10

I see a lot of questions revolving around accessing JSON keys that use hyphens (kebab-case), but now I find myself wondering should I just stick to camelCase or snake_case in my keys. I know hyphens also can create complicated mappings when ported between languages. I've seen some JSON deserialize libraries convert those keys to a camelCase style.

Example:

var something = {
  "some-value": 'thing'
}

Vs

var something = {
  "someValue": 'thing',
  "some_other_value": 'thing_two'
}
  • 4
    REST has nothing to say about payload formats. – Eric Stein May 28 '16 at 17:24
  • 2
    Why do you use kebab-case in JSON? People usually use camelCase for JSON because it's always good practice to follow the naming conventions of the programming environment and it's standard practice to use camelCase for variables in JavaScript. Though I'm going by the assumption that you're using JSON to communicate with JavaScript. – Alternatex May 28 '16 at 17:41
  • 1
    I see the question is tagged with javascript, but the question itself seems to be about an API between different languages / libraries. If you are concerned with javascript, note that dot notation doesn't work with hyphens. – Izkata May 29 '16 at 13:27
  • 5
    It is not really a bad practice, since JSON is language independent and therefore shouldn't be constrained by the syntax of any particular language. That said, it makes sense to use only alphanumerical characters, since this can map directly to identifiers in all mainstream languages, so this will just lead to the least amount of mapping trouble. – JacquesB May 29 '16 at 19:07
  • 1
    @Alternatex: +1 for "kebab-case" :-) – gnasher729 Nov 3 '16 at 20:40
13

You can use anything as JSON keys, as long as it is valid UTF-8, doesn't contain zero code points, and it would be useful if you could represent the key as a string in the programming language of your choice. I might recommend not to use different Unicode representations of the same string (for example "Ä" written as one or two code points).

Reading some comments: It seems some people try to create classes with instance variables that match the keys in JSON dictionaries. Which of course doesn't work if your key is "some-value" unless you write COBOL. I think this is misguided. I have model classes which are designed the way I want them. JSON is just used to fill the model classes. I'll take whatever the server guys decided to use for the keys and put it into my model objects.

  • Thank you for the addition, I have a similar mentality when being the consumer of an API, but as I shift from being consumer to producer, I am beginning to see some of the follies in the development community. What some people expect from an APIs, specifically REST, doesn't always align with your model. This seems to me like text book Adapter & Port pattern from DDD. Which initially prompts me to dismiss the consumers complains. I've also seen numerous JSON response from other APIs that have hyphen keys and that's what inclined me to ask. – Matt Oaxaca May 29 '16 at 17:34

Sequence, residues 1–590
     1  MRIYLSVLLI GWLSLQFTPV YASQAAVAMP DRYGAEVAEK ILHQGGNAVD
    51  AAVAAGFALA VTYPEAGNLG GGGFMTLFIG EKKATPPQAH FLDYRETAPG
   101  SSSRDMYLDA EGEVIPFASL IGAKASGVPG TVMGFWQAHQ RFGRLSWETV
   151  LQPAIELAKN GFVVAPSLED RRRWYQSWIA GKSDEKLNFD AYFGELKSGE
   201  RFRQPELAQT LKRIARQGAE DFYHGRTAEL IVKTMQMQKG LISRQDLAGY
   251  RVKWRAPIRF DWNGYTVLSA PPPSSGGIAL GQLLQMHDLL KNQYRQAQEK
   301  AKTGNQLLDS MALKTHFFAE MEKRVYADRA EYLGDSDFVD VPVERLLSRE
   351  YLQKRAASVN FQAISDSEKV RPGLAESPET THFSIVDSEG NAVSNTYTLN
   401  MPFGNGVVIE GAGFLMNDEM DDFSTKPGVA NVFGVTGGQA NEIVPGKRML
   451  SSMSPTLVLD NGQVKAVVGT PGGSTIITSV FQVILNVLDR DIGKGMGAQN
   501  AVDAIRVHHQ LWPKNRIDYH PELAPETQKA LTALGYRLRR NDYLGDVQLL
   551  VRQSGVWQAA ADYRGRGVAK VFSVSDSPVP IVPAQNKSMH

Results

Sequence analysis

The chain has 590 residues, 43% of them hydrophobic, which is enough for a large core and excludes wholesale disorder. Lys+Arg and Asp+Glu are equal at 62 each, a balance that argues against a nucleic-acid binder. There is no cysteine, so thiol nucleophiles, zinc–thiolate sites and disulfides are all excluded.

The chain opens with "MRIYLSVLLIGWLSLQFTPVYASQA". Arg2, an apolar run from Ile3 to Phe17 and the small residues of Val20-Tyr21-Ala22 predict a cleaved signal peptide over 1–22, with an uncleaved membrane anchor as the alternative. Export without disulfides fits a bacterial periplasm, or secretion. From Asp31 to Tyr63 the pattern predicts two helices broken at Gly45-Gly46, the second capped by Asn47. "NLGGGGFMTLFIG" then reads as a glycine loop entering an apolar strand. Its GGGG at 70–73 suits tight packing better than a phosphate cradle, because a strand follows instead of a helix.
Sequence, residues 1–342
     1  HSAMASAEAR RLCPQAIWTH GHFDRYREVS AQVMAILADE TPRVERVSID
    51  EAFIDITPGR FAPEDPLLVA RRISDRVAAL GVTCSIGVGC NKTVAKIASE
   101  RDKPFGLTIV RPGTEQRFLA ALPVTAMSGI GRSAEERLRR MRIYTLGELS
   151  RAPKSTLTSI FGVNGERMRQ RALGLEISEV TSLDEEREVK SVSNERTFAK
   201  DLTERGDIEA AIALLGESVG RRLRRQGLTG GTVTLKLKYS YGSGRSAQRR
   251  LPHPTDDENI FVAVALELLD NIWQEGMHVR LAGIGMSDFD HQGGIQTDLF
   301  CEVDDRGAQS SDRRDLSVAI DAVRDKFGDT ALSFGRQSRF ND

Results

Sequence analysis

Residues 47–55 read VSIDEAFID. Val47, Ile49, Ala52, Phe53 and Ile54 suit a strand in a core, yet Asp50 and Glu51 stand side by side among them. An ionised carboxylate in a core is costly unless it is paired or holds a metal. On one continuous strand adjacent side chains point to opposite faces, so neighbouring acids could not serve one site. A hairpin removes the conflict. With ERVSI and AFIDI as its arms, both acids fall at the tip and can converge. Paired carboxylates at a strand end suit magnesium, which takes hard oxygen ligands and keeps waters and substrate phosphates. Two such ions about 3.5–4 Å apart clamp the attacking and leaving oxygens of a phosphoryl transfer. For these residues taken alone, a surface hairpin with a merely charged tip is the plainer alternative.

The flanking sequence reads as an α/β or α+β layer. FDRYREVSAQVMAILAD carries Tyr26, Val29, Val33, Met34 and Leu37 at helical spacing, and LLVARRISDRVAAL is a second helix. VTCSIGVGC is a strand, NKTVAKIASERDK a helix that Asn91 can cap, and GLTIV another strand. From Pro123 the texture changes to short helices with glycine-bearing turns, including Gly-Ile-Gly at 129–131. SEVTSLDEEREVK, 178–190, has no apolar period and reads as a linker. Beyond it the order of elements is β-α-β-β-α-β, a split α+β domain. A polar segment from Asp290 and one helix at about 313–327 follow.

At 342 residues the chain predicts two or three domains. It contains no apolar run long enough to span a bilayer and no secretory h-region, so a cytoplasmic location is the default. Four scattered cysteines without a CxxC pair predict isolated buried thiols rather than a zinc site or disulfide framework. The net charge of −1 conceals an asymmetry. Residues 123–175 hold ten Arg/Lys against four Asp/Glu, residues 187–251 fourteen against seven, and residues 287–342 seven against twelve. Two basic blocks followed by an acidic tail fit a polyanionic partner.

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    urg, you beg the question of how your consuming program accesses the json keys. Commonly this is done by parsing the json as an object. Using hypens or other characters which prevent this just makes life hard for your consumers – Ewan May 30 '16 at 22:44
  • And this is valid: {"❓":"✅"} – vnbrs May 17 at 21:26
  • 1
    How do hyphens prevent anything? I get a dictionary, and a can use "some-key" as a key, I can even use "❓" as a key. – gnasher729 May 17 at 23:16
8

There are plenty of JSON serialization systems that are more than capable of handling mapping between field names that aren't suitable for use in the language they integrate with. In most cases, they aren't hard to use, and require only a little bit of extra effort. In an ideal world, you wouldn't have to, but if your API already uses dashes, changing it would be cure worse than the disease. Also note that using dashes is the most common style in certain languages, most notably those based on LISP, so probably there's a silent minority of your API's consumers who are happy to see dashes rather than another format.

  • I will up vote this ASAP I found insight in it, Thank You. – Matt Oaxaca May 29 '16 at 17:21
1

After spending some time in the industry and working a few systems. I don't think there is a best practice or proper casing for JSON keys. The most important aspect of any formatting (casing/code-style/etc) is consistency and team adoption.

If the code base is fragmented and inconsistent, meet as a team and agree on a consistent style then police the formating collectively.

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